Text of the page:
Optimising Pipeline Performance: Do not read the message into a string

Posted: January 10, 2015  |  Categories: BizTalk Uncategorized
Tags: Pipeline

Continuing on from my last post, Junior spoke to Bill and he said “the key is anything the reads the message into a string, XMLDocument or XDocument is to be avoided, works great with small message does not work with large messages”. I had already said to Junior that I was suspicious of reading the message into the dataOut String.  Note that the MSDN example also reads the entire message in to a string and will suffer the same problems that this pipeline component does. //Create  a string string dataOut = new StreamReader(vStream).ReadToEnd(); Junior discovered that the XmlWriter class has a WriteBase64 Method which encodes the specified binary bytes as Base64 and writes out the resulting text. Could this write directly to the stream by passing the string and decreasing the memory usage? The refactored code is shown below;

OPTIMIZED CODE

public Microsoft.BizTalk.Message.Interop.IBaseMessage Execute(Microsoft.BizTalk.Component.Interop.IPipelineContext pc, Microsoft.BizTalk.Message.Interop.IBaseMessage inmsg)
{
var callToken = TraceManager.PipelineComponent.TraceIn(“START PIPELINE PROCESSING”);
BinaryReader binReader = new BinaryReader(inmsg.BodyPart.Data);
int bufferSize = 1000;
byte[] buffer = new byte[bufferSize];
int readBytes = 0;
VirtualStream vStream = new VirtualStream(VirtualStream.MemoryFlag.AutoOverFlowToDisk);

     //Write the output using XMLWriter and Virtual Stream
// This is the AttachedDoc XML message that we are creating
//<ns0:AttachedDocument xmlns:ns0=http://BT.Schemas.Internal/AttachedDocument>
//    <ns0:FileName>FileName_0</ns0:FileName>
//    <ns0:FilePath>FilePath_0</ns0:FilePath>
//    <ns0:DocumentType>DocumentType_0</ns0:DocumentType>
//    <ns0:StreamArray>GpM7</ns0:StreamArray>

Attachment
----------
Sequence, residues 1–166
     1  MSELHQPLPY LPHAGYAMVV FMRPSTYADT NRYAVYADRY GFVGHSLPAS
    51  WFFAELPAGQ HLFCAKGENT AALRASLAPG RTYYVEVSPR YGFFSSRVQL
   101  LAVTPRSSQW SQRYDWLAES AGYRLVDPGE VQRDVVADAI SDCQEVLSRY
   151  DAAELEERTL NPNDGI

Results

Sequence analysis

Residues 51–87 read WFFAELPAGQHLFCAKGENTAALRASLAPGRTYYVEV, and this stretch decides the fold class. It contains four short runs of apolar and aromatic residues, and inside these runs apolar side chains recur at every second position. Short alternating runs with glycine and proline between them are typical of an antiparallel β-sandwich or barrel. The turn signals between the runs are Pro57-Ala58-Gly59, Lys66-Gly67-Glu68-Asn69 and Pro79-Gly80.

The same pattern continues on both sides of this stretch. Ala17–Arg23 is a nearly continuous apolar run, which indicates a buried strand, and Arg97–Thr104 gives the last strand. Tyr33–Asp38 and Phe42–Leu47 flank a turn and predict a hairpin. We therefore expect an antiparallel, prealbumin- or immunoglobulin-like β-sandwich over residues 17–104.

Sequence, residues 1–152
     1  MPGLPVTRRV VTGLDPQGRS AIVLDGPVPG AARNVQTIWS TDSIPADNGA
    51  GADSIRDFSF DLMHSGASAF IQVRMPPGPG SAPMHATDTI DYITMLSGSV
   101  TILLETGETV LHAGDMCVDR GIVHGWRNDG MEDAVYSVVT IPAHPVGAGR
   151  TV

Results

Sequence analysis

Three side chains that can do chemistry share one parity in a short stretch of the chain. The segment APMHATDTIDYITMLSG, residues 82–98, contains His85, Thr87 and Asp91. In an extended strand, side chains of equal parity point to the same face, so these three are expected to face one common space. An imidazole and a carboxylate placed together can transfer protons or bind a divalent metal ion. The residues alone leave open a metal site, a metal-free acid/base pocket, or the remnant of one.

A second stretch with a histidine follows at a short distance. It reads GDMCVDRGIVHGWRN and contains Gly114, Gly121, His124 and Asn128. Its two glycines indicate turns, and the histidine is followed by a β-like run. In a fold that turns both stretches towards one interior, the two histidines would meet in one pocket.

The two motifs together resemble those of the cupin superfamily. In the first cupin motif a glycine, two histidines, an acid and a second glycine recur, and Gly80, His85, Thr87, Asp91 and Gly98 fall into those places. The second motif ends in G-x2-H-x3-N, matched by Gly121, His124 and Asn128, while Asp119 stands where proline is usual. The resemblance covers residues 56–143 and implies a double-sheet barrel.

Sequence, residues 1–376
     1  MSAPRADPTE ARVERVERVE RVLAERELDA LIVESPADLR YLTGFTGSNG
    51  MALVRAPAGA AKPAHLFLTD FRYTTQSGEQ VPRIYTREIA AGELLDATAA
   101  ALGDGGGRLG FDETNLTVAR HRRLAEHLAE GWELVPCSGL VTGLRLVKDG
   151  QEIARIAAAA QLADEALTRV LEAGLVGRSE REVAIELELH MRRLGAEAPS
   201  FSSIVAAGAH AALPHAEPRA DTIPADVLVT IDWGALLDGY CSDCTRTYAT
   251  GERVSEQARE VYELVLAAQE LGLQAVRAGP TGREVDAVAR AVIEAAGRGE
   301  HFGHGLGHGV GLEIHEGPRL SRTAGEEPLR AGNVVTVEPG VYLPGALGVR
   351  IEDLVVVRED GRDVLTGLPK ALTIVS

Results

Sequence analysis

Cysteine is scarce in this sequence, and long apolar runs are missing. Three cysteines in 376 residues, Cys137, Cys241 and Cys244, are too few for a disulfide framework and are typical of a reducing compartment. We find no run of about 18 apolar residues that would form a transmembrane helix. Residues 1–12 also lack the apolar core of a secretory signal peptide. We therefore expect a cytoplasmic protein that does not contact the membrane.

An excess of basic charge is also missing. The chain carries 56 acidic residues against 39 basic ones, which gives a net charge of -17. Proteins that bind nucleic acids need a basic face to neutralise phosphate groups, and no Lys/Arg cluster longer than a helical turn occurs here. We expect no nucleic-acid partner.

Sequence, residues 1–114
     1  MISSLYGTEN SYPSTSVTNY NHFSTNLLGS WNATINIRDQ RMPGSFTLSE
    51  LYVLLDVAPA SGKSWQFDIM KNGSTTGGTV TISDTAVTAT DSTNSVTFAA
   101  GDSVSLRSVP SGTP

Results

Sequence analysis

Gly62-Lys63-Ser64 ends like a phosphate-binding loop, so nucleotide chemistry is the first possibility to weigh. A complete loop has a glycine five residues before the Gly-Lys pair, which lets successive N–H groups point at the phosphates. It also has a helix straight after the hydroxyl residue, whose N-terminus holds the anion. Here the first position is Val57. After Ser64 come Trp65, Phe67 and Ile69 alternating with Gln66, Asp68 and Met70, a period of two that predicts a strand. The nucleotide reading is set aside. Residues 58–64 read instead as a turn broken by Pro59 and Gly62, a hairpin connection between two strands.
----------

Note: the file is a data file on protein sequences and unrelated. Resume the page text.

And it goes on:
//</ns0:AttachedDocument>s
XmlWriterSettings settings = new XmlWriterSettings();
settings.OmitXmlDeclaration = true;

     XmlWriter xmlWriter = XmlWriter.Create(vStream, settings);

     xmlWriter.WriteStartDocument();
xmlWriter.WriteStartElement(“ns0”, “AttachedDocument”, “http://BT.Schemas.Internal/AttachedDocument”);

     xmlWriter.WriteStartElement(“FileName”);
xmlWriter.WriteString(“FileName_0”);
xmlWriter.WriteEndElement();

     xmlWriter.WriteStartElement(“FilePath”);
xmlWriter.WriteString(“FilePath_0”);
xmlWriter.WriteEndElement();

     xmlWriter.WriteStartElement(“DocumentType”);
xmlWriter.WriteString(“DocumentType_0”);
xmlWriter.WriteEndElement();

     xmlWriter.WriteStartElement(“StreamArray”);

    //Base64 encode the message stream and write to the output stream directly
do
{
readBytes = binReader.Read(buffer, 0, bufferSize);
xmlWriter.WriteBase64(buffer, 0, readBytes);
} while (bufferSize <= readBytes);
binReader.Close();

     xmlWriter.WriteEndDocument();
xmlWriter.Close();

     vStream.Position = 0;

    IBaseMessage outmsg = pc.GetMessageFactory().CreateMessage();
outmsg.Context = pc.GetMessageFactory().CreateMessageContext();

    // Iterate through inbound message context properties and add to the new outbound message
for (int contextCounter = 0; contextCounter < inmsg.Context.CountProperties; contextCounter++)
{
string Name;
string Namespace;

        object PropertyValue = inmsg.Context.ReadAt(contextCounter, out Name, out Namespace);

        // If the property has been promoted, respect the settings
if (inmsg.Context.IsPromoted(Name, Namespace))
{
outmsg.Context.Promote(Name, Namespace, PropertyValue);
}
else
{
outmsg.Context.Write(Name, Namespace, PropertyValue);
}
}

    outmsg.AddPart(“Body”, pc.GetMessageFactory().CreateMessagePart(), true);

    outmsg.BodyPart.Data = vStream;

    //pc.ResourceTracker.AddResource(ms);
pc.ResourceTracker.AddResource(vStream);
outmsg.BodyPart.Data.Position = 0;

    TraceManager.PipelineComponent.TraceInfo(“END PIPELINE PROCESSING”, callToken);
TraceManager.PipelineComponent.TraceOut(callToken);

    return outmsg;

}

The comparison of the memory usage to the partially optimized version shown below is truly amazing. The memory usage is virtually nothing for the new optimized version. Furthermore if we submitted a 1.2Gb binary file the partially optimized pipeline crashes with an out of memory error. The newly optimized version does not, it just burps swallows the file and writes it out. AMAZING…..

image

In summary I have shown in this post and the previous one how to make a pipeline scream and remember “anything the reads the message into a string, XMLDocument or XDocument is to be avoided”.

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